Vayera presents us with one of the most powerful and challenging portions in Torah. It is filled with classic images and great moral questions. It begins with the mitzvah of hospitality and the proof text for visiting the sick and ends with the great challenge of the Akedah. In between we encounter the dysfunction of Lot and his daughters as well as that of Hagar, Sarah, Ishmael, and Isaac. And, as part of this dynamic portion we also read of the story of Sodom and Gomorrha. (Genesis 18)
There is this wonderful scene as God has decided to destroy these cities because of their outrageous behaviors and sins (18:20). Many of you remember the story as Abraham confronts God. The decision has been made to destroy the cities and the inhabitants. Abraham rises to challenge God asking if God even intends to destroy the innocent with the guilty. They then have this almost humorous dialogue arguing about the minimal number of righteous people able to save the cities. Abraham argues with God challenging the deity in 18:25, “shall not the Judge of all the earth deal justly”? Could Abraham be the symbol of so many centuries of people calling out to some god, asking “why”?
We continue to ask this question. History is a brutal teacher. All too often the innocent is caught up with the evil and they are destroyed as well. Some of us are old enough to remember when terms like “collateral damage” were used to “explain” exactly what Genesis 18 asks. This seems to be, sadly enough, an enduring question. We have been taught that this story teaches that Judaism welcomes us questioning what we call, in most cases, God. Sadly, the lesson is also that the decision had been made and that the cities were destroyed, innocent along with the sinners. What this also teaches is that we do have the freedom, maybe even the obligation, to question, even in the face of overwhelming odds. When we see injustice, we are to question and probe the “why”. This leads to the Jewish value that we are all responsible for each other, that silence in the face of evil is acceptance. We are all linked, in some way. Mordecai Kaplan reminded us of this when he noted that “Every human being is both an individual and a member of a people, a church or nation.” He linked this concept to that of the cells in our body speaking of the inter-connectedness of us all. “Each cell, each organ of the human body, not only keeps itself alive, but also keeps the rest of the body alive. If that procedure extended to humanity as a whole, what a world this would be.” (1). A lovely concept to remember as we contemplate elections, division, antisemitism, and the eternal question: “why”?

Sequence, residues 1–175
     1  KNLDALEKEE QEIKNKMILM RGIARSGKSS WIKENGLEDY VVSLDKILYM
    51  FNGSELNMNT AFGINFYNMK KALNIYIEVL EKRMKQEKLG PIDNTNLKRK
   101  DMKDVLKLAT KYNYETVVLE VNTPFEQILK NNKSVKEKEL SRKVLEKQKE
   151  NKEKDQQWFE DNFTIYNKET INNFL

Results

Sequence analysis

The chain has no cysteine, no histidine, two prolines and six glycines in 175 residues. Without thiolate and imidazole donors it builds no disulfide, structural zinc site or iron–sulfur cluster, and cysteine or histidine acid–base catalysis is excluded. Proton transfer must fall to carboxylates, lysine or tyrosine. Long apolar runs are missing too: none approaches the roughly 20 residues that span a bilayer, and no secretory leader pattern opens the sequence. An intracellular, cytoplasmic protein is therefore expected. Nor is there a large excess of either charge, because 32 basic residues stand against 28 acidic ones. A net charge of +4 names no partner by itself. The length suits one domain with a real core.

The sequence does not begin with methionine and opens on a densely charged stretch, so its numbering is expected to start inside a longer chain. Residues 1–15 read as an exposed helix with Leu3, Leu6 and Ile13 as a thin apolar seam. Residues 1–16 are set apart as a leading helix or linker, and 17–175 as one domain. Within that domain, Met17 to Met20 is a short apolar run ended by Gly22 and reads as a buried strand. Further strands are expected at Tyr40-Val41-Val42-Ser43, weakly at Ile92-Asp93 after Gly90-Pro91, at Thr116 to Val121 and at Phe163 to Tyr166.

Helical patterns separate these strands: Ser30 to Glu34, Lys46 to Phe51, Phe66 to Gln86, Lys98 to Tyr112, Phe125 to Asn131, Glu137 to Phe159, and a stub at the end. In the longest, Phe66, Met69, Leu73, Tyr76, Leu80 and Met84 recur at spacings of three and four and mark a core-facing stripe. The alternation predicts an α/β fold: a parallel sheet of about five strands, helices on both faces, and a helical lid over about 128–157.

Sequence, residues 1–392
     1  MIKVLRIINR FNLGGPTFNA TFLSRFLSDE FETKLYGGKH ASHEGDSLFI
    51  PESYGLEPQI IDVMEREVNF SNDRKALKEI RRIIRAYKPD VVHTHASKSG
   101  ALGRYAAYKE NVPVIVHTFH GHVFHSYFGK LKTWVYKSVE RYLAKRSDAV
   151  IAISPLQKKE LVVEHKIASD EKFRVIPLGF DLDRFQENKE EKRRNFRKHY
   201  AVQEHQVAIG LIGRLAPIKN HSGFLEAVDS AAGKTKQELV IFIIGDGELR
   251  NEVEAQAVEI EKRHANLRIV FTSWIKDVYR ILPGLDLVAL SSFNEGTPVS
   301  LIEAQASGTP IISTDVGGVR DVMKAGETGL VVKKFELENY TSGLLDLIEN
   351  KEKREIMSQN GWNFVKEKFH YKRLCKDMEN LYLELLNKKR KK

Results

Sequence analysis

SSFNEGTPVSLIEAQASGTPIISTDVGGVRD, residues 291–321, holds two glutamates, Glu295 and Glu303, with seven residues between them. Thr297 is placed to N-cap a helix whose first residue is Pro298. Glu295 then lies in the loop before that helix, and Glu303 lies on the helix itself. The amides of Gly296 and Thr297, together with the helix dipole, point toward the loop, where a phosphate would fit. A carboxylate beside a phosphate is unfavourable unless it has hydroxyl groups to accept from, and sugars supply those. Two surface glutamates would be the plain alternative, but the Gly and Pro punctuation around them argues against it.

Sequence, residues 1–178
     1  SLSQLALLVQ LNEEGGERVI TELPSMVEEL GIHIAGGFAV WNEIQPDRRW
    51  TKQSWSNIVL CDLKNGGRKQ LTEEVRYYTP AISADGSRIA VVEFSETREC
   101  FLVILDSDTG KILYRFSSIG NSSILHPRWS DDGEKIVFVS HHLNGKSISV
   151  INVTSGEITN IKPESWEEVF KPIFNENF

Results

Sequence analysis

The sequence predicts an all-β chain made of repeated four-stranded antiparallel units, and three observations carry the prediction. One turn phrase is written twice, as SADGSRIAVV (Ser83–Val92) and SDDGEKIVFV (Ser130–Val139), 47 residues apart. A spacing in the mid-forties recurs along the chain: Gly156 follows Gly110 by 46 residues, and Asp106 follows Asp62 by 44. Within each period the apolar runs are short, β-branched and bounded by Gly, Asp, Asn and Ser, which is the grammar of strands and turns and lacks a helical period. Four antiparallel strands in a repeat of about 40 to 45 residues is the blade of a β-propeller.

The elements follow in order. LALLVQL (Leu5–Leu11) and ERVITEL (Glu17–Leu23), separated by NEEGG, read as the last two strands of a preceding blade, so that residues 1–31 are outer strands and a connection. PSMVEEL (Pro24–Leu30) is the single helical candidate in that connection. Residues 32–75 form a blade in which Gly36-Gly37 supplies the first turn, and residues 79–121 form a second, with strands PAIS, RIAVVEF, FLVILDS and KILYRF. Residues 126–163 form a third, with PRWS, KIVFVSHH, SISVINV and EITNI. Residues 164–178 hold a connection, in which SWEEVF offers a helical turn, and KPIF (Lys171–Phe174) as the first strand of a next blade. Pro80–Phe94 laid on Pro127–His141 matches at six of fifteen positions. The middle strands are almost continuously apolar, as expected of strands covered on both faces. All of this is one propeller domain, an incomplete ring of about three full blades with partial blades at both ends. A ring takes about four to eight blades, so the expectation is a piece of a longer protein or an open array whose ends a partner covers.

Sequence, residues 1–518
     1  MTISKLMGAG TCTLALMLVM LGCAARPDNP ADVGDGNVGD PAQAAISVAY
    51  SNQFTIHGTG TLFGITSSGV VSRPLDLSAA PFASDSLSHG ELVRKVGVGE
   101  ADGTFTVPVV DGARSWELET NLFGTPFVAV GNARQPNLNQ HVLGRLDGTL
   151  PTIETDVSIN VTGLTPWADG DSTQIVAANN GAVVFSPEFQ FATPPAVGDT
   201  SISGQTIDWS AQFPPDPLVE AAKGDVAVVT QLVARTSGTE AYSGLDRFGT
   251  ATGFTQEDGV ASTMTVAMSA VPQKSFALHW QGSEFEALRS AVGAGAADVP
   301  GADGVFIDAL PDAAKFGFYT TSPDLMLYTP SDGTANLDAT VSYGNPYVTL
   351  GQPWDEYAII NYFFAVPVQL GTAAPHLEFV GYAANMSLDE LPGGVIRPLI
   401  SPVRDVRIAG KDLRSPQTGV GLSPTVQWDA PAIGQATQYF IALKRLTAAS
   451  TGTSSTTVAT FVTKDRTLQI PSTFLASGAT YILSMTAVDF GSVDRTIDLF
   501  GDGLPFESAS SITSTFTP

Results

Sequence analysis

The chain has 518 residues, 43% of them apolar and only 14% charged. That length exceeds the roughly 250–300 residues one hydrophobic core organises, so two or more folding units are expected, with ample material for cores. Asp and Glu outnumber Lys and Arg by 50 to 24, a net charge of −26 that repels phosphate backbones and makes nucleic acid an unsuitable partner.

Rabbi Richard F. Address
(1): A Year With Mordecai Kaplan. Rabbi Steven Carr Reuben, ed. p.15
Rabbi Richard F. Address, D.Min, is the Founder and Director of www.jewishsacredaging.com. Rabbi Address served for over three decades on staff of the Union for Reform Judaism; first as a Regional Director and then, beginning in 1997, as Founder and Director of the URJ’s Department of Jewish Family Concerns and served as a specialist and consultant for the North American Reform Movement in the areas of family related programming. Rabbi Address was ordained from Hebrew Union College-Jewish Institute of Religion in 1972 and began his rabbinic career in Los Angeles congregations. He also served as a part time rabbi for Beth Hillel in Carmel, NJ while regional director and, after his URJ tenure, served as senior rabbi of Congregation M’kor Shalom in Cherry Hill, NJ from 2011-2014.